• and, later, Dr. Francis Willis, born in Lincoln, who was the physician who attended to the madness of George III when the symptoms first appeared in 1789. When the King had a second attack in 1801 he was attended by Francis’s two sons, John and Robert. Francis’s grandson was the Rev. Robert Willis, the distinguished Cambridge academic.

Meanwhile Thomas Willys of uncertain origins acquired the manor of Eyhall in Cambridgeshire in 1535 at the time of the dissolution of the monasteries. From him came the Willys baronetcy of Fen Ditton in the next century and Sir Richard Willys, a Royalist during the Civil War who then turned double agent for the Parliamentarians. This line ran out in 1732. However, a line had settled by this time at Wakefield in Yorkshire.

Another Willis line began with Oxfordshire yeomen who died fighting on the Royalist side at the siege of Oxford in 1643. They were apparently kinsmen to the Willys of Fen Ditton. Thomas Willis of this family became a renowned physician and was able to purchase the Bletchley estate in Buckinghamshire in 1675. His grandson Browne Willis was MP for Buckingham and a noted antiquarian of his day. The family name later became Fleming.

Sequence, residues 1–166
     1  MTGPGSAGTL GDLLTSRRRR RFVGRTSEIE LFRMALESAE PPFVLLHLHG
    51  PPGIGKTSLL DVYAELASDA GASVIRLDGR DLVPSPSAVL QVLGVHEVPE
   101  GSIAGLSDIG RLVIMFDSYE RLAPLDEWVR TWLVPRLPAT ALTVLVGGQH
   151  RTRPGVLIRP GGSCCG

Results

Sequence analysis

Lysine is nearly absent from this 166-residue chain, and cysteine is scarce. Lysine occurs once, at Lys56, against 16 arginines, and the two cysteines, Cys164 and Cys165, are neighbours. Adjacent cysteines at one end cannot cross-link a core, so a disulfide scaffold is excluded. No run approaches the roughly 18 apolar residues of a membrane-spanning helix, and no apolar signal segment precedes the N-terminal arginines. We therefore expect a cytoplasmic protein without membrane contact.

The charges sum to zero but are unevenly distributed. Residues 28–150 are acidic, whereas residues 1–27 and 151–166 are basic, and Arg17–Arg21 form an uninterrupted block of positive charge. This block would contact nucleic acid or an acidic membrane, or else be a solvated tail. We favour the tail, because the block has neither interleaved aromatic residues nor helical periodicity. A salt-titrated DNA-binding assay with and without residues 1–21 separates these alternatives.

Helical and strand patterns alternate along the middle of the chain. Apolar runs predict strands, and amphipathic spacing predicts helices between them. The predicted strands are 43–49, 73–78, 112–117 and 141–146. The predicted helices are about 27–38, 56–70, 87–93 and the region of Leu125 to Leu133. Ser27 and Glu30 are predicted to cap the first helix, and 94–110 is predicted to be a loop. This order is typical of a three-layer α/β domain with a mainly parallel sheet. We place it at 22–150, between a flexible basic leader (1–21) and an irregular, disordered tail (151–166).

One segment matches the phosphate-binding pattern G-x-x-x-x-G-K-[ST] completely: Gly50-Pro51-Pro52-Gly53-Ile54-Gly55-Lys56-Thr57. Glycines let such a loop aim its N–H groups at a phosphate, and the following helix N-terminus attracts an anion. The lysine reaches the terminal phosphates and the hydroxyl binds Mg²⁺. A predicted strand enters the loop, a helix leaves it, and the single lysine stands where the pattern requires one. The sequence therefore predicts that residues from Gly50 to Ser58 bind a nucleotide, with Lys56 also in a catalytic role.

Willis was soon found outside the Midlands.

A Willis family from Dover in Kent began with the birth there of Thomas Willis around the year 1640. As Whillis or Whillins, the name extended north to Eyemouth on the Scottish borders. John Whillis was born there in 1791. He ran away from home at the age of 14 and later founded of the Jock Willis Shipping Line in London. They owned several tea clippers, including the famous Cutty Sark. Son John took over the business on Jock’s death in 1862; while cousin George was lost at sea in the Indian Ocean in 1867.

Ireland. The Willis name in Fermanagh dates from the 1580’s when Humphrey Willis arrived there from Devon as a soldier of fortune. A later Willis was killed there with five of his sons while fighting against the Jacobites in 1689. Robert Willis of Wheathill in Fermanagh died in 1843, aged 36, and his wife Elizabeth and their family emigrated to Australia.

A Willis family fleeing the Famine for Canada in 1847 was the subject of an Irish mini-series Death or Canada. Another Willis family departed Leitrim for Australia in 1865.